As part of our new reader book club, BBC History Magazine
gave people the chance to read Mary I: England’s Catholic Queen
and put their questions to the book’s author, Dr John Edwards, modern languages and faculty research fellow in Spanish at the University of Oxford. Here’s what they had to say…
You mention Mary’s friendship with the Protestant Anne of Cleves. Why has this often been overlooked by historians?
Jennifer Shelden, Leicester
John says: I think there are two reasons. One is that after Henry VIII took against Anne and divorced her, she ceased to be of interest to English and national history, although she was well-treated financially at the time. The other, more important in relation to Mary, is that most historians still don’t appreciate how fluid religious beliefs and loyalties were, in England and on the Continent, until the 1560s.
Anne’s brother’s territories, in northwestern Germany, were sandwiched between Catholic Habsburg lands and those of princes who had already rejected Rome, making caution the best policy. What Anne shared with Mary was a reforming humanist idea of the Church which could lead individuals to either side of the denominational division when it became set later. Also, the two women seem simply to have got on well!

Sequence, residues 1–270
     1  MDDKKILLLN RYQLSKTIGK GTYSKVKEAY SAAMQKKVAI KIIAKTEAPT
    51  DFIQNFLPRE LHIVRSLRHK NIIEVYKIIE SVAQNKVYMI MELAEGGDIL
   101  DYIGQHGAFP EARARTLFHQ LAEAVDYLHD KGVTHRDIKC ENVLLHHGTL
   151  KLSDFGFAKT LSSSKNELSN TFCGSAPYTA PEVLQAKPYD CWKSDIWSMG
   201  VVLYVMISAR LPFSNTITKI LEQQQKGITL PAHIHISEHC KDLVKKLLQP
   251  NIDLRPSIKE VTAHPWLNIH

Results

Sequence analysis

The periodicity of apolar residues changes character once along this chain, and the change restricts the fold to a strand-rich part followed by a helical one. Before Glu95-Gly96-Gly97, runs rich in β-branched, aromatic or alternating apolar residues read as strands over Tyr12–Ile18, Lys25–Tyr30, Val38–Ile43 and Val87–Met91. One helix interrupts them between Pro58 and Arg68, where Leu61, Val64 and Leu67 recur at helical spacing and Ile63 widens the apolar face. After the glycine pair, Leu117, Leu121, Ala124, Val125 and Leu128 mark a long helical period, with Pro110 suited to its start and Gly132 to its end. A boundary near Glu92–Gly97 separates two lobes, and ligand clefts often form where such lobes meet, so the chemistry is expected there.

Was it the rich patriarchal society often associated with Henry VIII that made you focus on one of the first bloodthirsty and formidable queens of our time?
Laura Ford, Birmingham
John says: My main reason for accepting the commission to write about Mary was that I wanted to re-examine her life and achievement in a realistic rather than a ‘Eurosceptic’ context, which has traditionally allowed her to be considered, falsely in my view, as an entirely English figure, even though she was half-Spanish and deeply attached to her relatives on the Continent, and to their religion.
In particular, having spent many years researching and publishing on the reigns of her Spanish grandparents, Ferdinand and Isabella, I did indeed regard the successes and failures of women rulers, in a male-dominated European political system, as a vital and fascinating issue. Mary was undoubtedly ‘formidable’, and by modern ideals (though often not practice) ‘bloodthirsty’, but the maxim that a woman must be twice as good as a man to succeed may well apply to her. Had she lived longer, we would have had a better idea of how successful she was.
Leaving aside the fact that Henry Fitzroy died in 1536 (Henry could not foresee this), why did Henry not declare Fitzroy his heir and thus solve all the succession problems?